Some voices in that debate seem to argue that a specific digital ontology does not exist; there is nothing essentially or qualitatively new with ‘the digital’. I am not more deeply familiar with these discussions in the literature, and my own interests do not primarily lie in the philosophical-theoretical intricacies of that problem. Instead, I approach it mainly as a matter of the short- and long-term consequences in practice, in what we do and how we work. Seen in that light, it appears undeniable that ‘the digital’ represents something radically new, at least in terms of the place of history as an academic pursuit in the media landscape and (therefore) in society more broadly speaking. Whether it also constitutes a fundamental break with ‘traditional’ (i.e., non-/pre-digital) historical scholarship is perhaps in some ways more debatable, since that depends on whether you see DH as only a set of new ‘tools’ for answering essentially similar questions, or rather as an entirely new paradigm in terms of data, methods and theory. Since I myself have not really worked in-depth in my own research, and only fleetingly in my teaching, with the types of digital technology most often associated with ‘DH’ I shall focus the rest of this essay on that other dimension: the place of the (digital) historian in the new (digital) world that is emerging.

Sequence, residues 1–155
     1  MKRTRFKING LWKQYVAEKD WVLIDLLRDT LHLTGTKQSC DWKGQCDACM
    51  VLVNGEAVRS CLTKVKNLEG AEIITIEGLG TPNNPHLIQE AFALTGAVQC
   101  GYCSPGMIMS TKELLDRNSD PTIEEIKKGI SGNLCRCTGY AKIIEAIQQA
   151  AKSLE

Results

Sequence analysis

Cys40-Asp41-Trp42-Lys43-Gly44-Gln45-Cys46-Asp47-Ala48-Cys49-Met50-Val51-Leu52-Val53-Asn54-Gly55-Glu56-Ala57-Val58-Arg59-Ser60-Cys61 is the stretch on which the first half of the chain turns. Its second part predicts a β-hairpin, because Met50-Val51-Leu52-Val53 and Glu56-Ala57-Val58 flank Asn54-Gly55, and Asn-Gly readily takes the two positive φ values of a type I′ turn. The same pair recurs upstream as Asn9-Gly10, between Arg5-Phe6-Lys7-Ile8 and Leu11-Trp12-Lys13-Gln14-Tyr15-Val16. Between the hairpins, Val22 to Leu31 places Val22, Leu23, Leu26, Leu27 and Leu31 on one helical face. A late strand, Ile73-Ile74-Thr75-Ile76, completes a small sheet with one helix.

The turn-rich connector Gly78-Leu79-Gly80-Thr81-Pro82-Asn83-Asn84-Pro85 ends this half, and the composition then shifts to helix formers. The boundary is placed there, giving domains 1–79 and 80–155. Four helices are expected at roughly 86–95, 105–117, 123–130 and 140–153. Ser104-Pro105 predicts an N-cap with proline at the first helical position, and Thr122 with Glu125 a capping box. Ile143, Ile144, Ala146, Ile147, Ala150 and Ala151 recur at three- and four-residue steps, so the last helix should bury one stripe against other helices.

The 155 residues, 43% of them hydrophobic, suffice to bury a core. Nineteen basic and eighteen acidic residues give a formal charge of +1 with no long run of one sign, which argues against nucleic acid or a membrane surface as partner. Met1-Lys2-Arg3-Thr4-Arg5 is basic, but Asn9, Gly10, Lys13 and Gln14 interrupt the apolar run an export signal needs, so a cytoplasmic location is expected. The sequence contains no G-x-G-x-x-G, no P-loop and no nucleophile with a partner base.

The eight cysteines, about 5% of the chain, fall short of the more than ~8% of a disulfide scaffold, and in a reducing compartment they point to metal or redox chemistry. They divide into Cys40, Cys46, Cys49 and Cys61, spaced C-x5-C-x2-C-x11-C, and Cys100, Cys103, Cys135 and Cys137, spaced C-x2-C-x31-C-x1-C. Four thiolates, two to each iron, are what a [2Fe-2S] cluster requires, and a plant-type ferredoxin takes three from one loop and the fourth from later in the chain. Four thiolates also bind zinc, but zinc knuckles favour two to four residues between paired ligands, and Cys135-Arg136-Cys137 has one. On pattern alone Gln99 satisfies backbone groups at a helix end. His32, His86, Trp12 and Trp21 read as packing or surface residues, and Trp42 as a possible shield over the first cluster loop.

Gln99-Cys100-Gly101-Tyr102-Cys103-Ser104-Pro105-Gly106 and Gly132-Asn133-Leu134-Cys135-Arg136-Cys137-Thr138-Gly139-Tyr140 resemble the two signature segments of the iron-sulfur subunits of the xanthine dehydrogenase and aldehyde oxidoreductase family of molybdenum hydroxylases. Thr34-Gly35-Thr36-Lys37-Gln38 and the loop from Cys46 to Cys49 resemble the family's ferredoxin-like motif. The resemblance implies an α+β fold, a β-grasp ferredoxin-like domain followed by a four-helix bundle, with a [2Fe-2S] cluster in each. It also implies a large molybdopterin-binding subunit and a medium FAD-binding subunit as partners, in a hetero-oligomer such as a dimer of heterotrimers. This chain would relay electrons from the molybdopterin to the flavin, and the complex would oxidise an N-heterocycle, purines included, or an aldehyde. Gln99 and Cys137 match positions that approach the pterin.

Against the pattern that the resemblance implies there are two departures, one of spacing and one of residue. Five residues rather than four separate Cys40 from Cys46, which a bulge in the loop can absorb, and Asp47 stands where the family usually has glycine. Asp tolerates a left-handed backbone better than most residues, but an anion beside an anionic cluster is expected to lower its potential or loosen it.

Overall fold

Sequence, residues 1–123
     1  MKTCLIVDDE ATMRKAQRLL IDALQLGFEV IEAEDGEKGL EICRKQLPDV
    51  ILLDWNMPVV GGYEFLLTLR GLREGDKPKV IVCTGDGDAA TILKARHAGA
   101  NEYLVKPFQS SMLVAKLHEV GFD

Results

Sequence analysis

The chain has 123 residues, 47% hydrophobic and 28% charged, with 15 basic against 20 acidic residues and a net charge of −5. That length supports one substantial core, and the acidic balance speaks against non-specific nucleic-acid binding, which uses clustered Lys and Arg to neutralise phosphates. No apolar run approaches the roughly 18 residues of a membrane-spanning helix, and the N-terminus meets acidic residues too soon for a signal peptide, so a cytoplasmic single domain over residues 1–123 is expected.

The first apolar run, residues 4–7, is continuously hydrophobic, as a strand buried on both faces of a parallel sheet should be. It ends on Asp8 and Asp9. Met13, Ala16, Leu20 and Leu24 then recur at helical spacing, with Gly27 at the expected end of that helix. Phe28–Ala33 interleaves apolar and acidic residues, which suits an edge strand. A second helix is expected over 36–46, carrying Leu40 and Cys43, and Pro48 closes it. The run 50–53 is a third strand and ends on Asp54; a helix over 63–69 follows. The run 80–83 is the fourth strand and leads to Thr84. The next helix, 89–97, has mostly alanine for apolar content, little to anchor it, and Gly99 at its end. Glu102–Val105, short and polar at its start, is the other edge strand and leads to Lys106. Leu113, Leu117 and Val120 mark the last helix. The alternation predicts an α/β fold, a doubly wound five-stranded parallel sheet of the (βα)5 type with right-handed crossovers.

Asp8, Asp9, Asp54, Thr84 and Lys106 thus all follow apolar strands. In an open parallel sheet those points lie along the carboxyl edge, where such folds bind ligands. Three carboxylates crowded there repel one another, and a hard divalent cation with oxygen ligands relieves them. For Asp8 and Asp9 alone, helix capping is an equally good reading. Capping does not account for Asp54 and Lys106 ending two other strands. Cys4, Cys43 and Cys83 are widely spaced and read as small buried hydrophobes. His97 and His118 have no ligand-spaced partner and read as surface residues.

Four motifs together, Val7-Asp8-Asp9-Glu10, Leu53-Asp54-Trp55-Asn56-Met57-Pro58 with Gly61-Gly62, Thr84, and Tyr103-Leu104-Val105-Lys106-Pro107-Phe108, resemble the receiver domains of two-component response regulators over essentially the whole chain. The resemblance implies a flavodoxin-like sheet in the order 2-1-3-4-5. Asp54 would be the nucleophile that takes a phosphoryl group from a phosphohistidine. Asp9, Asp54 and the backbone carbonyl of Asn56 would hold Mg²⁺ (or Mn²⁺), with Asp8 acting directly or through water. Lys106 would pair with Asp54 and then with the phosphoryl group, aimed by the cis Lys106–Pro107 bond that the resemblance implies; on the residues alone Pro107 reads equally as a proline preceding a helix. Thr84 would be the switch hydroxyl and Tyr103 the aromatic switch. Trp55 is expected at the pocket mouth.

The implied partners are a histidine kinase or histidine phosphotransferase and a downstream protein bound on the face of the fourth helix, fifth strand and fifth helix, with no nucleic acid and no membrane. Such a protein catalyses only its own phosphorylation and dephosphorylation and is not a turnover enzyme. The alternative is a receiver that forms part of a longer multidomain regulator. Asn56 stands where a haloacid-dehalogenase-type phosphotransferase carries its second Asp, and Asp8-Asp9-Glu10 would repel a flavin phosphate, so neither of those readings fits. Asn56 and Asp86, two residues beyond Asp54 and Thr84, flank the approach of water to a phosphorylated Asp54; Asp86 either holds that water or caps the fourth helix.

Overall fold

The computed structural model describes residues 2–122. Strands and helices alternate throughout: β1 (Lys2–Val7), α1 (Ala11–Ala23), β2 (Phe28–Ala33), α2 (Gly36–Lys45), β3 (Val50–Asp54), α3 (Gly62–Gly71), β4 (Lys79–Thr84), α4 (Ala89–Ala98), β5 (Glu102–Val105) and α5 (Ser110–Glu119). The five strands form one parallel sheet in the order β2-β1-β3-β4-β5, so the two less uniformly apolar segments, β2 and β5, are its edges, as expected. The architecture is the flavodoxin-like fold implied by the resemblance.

Here, too, my impression – again based on somewhat irregular contact with DH debates in recent years – is that the situation today is quite different from a few years ago. In 2010 or 2012 there was much discussion about the democratising possibilities of digital humanities, both in terms of mobilising the public in research itself through crowdsourcing and in blurring the lines between research and scholarly communication by the active use of blogs and (other) social media. This was considered to be a natural evolution of other, previous forms of public history and outreach such as open lectures, writing articles for the public in newspapers and magazines or publishing ‘popularised’ monographs based on academic research. Indeed, in those early debates about who was a digital humanist and who was not, the more liberal interpretation was that even if you worked in ‘traditional’ research you might qualify as a DH:er, even if you were only active in social media, live-tweeting conferences or maintaining an academic blog.
While many might still adhere to this viewpoint in principle (including myself to some degree), the more general conversation regarding – and therefore the de facto societal role of – social media has however shifted considerably over the last few years. It is of course difficult to know how permanent these shifts are, but steadily rising concerns over privacy, hate speech, political and commercial manipulation, etc. has led to an increasingly dim view of the possibilities of social media as a conduit for positive societal development. Add to this the fact that there is growing fragmentation in the social media space and an ongoing move away from text-based to visual and especially video-based platforms like YouTube, and it seems ever more difficult to predict what the best way forward is for communicating research or to involve the general public in scholarly work.